“Look how crowded it is,” remarked Sally as she angled the DeCapites’ car into a parking space behind the theater. “I bet it’s all family.” Her joke had a basis in reality. The whole clan turned out for the two plays DeCapite had had produced in Northern Ohio-—Things Left Standing and Sparky and Company, which won the Cleveland Critics Circle Award in 1980 and went on to a production at New York City’s Il Teatro Rinacimento, which presents works by and about Italian-Americans. (DeCapite’s third and most recently completed play, Where The Trains Go, has so far been produced only in Boston.) True to form, the sparse audience at the movie was dotted with DeCapite’s family and friends (“Pardon me, are you Mr. DeCapite? Only kidding, Ray.”)

“Well, you have to admit, he is gorgeous,” Sally said as Harry and Son’s opening scene revealed an impossibly youthful looking sixty-year-old Newman. As the DeCapites sat and watched a film that altered A Lost King nearly beyond recognition, all their remarks were similarly complimentary, polite, and even charitable (“That’s a nice shot, isn’t it?” “Very dramatic.”) They were watching the culmination of twenty-two years of talk about what a great movie A Lost King would make-—talk by television director Peter Baldwin, who purchased the first option to adapt the novel for the screen in 1962 and who later tried to interest Italian director Vittorio De Sica in the project; by Los Angeles musician Vincent D’Onofrio, who mortgaged his home in a failed attempt to raise a production budget; and finally by Ron Buck, who heard about the novel from Marlon Brando’s sister, Jocelyn. “I knew as soon as I had read it that I wanted to try making a movie out of the book,” said Buck. “I thought it was wonderful—the character of the son especially.”

The story that captured the imaginations of Baldwin, D’Onofrio and Buck is an old one: A young man takes his first steps toward knowledge of self and the world beyond his home, in the process confronting and challenging a father whose values differ greatly. What makes A Lost King much more than a mass of generation-gap clichés are its sharply observed characters: the father, an Italian immigrant bereft of a beloved wife and stripped of physical strength by illness, who rages against life; and his son, a sweet-natured goof of a kid with a capacity for enjoyment of life sorely lacking in his father.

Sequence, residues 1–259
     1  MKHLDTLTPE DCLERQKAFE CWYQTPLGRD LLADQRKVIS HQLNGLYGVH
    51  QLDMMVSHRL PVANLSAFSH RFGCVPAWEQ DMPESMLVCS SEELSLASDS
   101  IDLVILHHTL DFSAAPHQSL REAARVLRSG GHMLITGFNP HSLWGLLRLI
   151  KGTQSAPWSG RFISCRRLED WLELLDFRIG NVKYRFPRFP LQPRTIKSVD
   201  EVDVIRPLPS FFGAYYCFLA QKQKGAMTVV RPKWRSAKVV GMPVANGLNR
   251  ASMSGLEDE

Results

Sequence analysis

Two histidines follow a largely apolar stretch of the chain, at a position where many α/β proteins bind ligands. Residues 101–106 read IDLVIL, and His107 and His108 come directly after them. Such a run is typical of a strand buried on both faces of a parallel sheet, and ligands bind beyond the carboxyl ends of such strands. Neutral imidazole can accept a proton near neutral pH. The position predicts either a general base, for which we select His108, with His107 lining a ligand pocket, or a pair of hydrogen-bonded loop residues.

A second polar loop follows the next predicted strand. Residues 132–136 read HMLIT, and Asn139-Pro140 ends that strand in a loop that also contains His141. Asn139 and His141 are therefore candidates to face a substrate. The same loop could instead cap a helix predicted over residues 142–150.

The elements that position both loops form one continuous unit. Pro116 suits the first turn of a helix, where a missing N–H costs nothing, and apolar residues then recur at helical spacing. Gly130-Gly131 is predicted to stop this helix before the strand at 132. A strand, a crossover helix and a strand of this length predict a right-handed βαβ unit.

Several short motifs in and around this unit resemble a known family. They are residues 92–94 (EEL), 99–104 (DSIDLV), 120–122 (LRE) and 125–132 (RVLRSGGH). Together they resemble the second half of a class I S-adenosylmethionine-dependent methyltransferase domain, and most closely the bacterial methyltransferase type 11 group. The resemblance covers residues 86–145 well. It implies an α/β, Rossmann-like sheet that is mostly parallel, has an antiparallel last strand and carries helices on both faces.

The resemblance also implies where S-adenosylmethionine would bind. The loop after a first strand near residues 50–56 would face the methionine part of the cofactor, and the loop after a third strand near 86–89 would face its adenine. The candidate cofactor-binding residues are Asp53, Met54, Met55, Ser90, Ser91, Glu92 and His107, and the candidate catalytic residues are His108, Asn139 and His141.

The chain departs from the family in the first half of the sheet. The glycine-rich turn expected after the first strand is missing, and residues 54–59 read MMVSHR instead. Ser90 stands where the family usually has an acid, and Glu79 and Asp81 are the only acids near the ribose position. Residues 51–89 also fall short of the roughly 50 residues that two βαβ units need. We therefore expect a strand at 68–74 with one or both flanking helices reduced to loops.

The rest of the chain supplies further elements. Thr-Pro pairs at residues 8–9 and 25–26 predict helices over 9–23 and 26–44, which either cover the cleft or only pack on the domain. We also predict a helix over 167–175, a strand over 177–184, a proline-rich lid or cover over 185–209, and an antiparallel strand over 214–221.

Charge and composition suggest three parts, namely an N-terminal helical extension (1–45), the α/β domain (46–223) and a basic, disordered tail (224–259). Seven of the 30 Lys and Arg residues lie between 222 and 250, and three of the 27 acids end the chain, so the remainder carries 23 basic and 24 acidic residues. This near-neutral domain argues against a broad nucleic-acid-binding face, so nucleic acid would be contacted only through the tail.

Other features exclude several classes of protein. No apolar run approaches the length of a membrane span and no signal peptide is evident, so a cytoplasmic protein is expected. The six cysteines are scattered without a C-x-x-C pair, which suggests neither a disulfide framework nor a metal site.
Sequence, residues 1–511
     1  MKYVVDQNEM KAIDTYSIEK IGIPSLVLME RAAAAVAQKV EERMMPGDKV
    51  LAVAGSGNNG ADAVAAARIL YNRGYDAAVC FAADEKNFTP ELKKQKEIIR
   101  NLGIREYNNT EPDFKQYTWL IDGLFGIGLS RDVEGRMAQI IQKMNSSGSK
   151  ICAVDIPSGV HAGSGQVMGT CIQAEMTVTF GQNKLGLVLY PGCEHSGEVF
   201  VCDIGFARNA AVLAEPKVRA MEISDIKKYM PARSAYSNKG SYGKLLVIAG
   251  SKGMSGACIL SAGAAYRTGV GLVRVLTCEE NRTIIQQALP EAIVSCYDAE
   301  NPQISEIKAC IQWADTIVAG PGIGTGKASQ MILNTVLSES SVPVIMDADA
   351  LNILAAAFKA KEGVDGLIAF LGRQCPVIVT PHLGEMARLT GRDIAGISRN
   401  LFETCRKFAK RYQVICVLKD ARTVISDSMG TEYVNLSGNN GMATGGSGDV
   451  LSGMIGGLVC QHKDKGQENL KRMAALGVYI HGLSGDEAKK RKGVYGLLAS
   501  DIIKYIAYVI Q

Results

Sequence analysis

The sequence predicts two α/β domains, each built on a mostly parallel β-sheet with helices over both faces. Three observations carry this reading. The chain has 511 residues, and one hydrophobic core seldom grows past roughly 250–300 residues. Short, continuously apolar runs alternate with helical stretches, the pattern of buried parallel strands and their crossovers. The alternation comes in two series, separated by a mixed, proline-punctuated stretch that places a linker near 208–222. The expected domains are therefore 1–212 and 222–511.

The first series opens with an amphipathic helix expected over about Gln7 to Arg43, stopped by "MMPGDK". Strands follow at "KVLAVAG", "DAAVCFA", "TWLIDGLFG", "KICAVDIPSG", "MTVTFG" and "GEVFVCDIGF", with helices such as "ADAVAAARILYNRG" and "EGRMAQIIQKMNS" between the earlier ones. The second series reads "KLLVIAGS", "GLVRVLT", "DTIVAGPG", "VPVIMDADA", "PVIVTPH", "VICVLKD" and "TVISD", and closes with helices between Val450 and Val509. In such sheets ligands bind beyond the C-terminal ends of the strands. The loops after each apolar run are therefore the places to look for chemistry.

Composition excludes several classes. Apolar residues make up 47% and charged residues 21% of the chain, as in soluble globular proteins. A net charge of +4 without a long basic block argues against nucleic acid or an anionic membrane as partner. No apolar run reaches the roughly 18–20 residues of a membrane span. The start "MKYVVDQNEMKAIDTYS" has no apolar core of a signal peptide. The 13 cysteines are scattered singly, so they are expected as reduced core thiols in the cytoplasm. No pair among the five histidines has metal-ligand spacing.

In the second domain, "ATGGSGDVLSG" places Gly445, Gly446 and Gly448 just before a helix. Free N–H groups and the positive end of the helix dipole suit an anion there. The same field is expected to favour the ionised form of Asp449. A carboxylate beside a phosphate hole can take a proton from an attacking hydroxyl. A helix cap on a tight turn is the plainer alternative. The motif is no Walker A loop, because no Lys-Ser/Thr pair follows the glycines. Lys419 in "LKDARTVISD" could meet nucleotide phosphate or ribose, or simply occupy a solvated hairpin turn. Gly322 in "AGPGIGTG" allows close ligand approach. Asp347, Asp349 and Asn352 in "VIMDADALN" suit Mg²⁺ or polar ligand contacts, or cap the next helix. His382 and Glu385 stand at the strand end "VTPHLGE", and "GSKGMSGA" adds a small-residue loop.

“Strictly speaking, the story isn’t autobiographical. However,” DeCapite smiled slightly, “I was comfortable in using a first-person narrative in the book, so I guess that says something. Most people assumed I was writing about my father, Dominick, who came to this country at the age of sixteen. That wasn’t absolutely true, although there were things in that character that were also in my father-—the harshness, for example. My father was a very stern man, very strict and particular. As for the character of the son, well, his work experience was like mine. I had a lot of jobs in my time. When I was young, I didn’t know what the hell I wanted to do.”

Harry and Son changes much more than the locale of A Lost King. New characters have been added to supply romantic and erotic interest, and emphasis has shifted from the son to the father--radical alterations that were necessary, according to Buck, because “I didn’t feel that Ray’s book was going to make it commercially.” Tilting the balance of the movie still further in the direction of the father are the performances: Newman steamrollers the goofy Robby Benson (“a Hershey Bar left out in the sun,” as one of DeCapite’s cousins dismissed him) in the role of Harry’s son, Howard. Even more fundamental, however is the difference in texture between DeCapite’s novel and the film. The anger and urban grittiness of A Lost King have been replaced with upbeat insights fresh off the greeting-card rack, played out against a background of sun and surf. The end of DeCapite’s novel finds the character of Paul alone in the world but in possession of a level of self-awareness and strength he had lacked before; the last scene of Harry and Son shows Howard with a ready-made family, a career as a writer and a laid-back demeanor that suggest he found them all while strolling through a shopping mall.

As the gulf between A Lost King and Harry and Son became increasingly obvious, dismay and worry about Ray’s reaction settled over the opening-night assembly of friends and relatives, most of whom had read the novel as a matter of course. When DeCapite, exhibiting signs of restlessness, at one point got up and walked to the back of the theater, his Aunt Rose Clement elbowed her daughter Rosemary Terango. “Sweet Jesus,” she whispered. “Ray’s leaving!” As it turned out, DeCapite was only looking for the men’s room. He returned in plenty of time to see fulfilled the prophecy made by his friend earlier in the evening. With the high-school ushers who tidy the Lake Theatre to keep them company, Ray and Sally watched the screen intently. Finally, at the very end of the credits appeared the line: “Suggested by the novel A Lost King by Raymond DeCapite.”